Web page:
Clark said Garrison was immediately suspended from duty by ORPD consistent with city policy. He was escorted home by other ORPD officers at about 3 a.m. August 14, when his weapons and other ORPD equipment were taken from him. The following morning by 10:30 a.m., ORPD and city staff completed their administrative requirements, and Garrison was terminated.
Clark said his office does not often comment regarding pending investigations or criminal cases.
“However, an exception is being made in this case since it relates to public confidence in the criminal justice system,” he said.
The TBI will continue its investigation, Clark said. Once it concludes, charges will be presented to the Anderson County grand jury for consideration of criminal indictments.
“I am angry and bitterly disappointed in Garrison’s conduct on duty,” Clark said. “Services will be offered for the victim and to help this family. The State of Tennessee will work hard to do justice in this case.
“At the same time, I am immensely proud of the other law enforcement officers and agencies involved who communicated and worked together quickly and decisively to protect the victim and the public at large as well as the reputations of the criminal justice system. It would not be possible to move any quicker than we did that night.”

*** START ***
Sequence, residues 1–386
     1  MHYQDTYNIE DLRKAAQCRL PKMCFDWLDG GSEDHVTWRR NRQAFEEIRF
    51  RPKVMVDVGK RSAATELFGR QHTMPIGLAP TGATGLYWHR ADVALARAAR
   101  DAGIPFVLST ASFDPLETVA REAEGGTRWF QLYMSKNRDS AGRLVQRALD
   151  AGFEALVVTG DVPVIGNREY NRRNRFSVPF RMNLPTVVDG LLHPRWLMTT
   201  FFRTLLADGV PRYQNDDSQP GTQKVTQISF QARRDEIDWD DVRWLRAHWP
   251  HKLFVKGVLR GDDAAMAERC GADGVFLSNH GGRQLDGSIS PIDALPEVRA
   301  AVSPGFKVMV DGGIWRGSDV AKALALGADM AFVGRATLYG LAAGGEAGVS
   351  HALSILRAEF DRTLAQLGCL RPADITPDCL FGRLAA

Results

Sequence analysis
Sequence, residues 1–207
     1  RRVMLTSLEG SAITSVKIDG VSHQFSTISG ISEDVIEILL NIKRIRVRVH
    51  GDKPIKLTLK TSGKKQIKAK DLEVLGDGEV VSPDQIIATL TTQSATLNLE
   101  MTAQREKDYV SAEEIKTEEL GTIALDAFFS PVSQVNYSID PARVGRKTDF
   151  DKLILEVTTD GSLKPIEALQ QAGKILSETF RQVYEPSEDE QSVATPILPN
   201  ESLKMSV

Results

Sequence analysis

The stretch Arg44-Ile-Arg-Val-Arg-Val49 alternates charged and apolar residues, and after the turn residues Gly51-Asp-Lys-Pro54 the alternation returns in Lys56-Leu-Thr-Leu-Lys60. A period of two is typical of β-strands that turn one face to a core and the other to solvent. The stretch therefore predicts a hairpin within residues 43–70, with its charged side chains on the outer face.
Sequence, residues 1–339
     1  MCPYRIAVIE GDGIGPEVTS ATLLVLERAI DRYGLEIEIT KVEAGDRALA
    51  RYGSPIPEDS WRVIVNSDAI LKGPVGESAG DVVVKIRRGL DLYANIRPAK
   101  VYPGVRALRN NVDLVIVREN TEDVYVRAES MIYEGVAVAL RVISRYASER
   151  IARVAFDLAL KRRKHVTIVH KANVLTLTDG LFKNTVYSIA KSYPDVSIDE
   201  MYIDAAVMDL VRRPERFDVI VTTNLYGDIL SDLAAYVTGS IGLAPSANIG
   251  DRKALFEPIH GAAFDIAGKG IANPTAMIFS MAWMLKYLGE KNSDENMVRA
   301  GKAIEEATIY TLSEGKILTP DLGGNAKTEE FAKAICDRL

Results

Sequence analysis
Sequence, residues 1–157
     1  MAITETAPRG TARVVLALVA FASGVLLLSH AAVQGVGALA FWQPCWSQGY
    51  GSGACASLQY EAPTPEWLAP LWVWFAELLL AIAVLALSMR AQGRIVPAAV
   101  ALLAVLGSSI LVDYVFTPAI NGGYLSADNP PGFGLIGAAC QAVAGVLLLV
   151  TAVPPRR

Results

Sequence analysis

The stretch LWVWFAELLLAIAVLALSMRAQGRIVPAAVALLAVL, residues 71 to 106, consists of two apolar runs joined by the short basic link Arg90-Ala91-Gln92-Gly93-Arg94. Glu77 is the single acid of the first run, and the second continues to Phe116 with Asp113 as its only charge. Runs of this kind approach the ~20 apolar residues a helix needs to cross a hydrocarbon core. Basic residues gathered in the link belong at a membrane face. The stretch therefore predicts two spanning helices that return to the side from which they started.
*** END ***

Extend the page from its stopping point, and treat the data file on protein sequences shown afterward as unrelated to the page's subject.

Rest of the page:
“The serious nature of this allegation led to immediate and decisive review within our internal city structures,” Oak Ridge City Manager Mark Watson said. “After review, the city manager took immediate action to terminate the services of Officer Garrison at 10:30 a.m. on Friday morning. The City of Oak Ridge welcomes the assistance of District Attorney General Clark and the TBI on this very serious matter.”
Jackson-Garrison was one of three officers honored in late June for his role in helping roll an Emory Valley Center van off a woman partially pinned underneath it after a May 12 crash at Northwestern and North Purdue avenues in Woodland. The other two officers were Brandan Sharp and Sergeant Pete Nance. Garrison’s right arm was bandaged after that crash. Witnesses said he used his hands to break out a back window of the Chevrolet Express van and rescue a male EVC client in the back of the van.
The female passenger, who was partially ejected, was flown to a hospital by a University of Tennessee Lifestar medical helicopter after it landed at the nearby Oak Ridge City Center. Three others were also reportedly taken to the hospital.